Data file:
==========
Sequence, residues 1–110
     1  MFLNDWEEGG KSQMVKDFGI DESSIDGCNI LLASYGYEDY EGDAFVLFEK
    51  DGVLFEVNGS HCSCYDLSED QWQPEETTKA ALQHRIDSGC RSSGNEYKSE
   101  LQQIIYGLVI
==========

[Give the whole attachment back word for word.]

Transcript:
Sequence, residues 1–110
     1  MFLNDWEEGG KSQMVKDFGI DESSIDGCNI LLASYGYEDY EGDAFVLFEK
    51  DGVLFEVNGS HCSCYDLSED QWQPEETTKA ALQHRIDSGC RSSGNEYKSE
   101  LQQIIYGLVI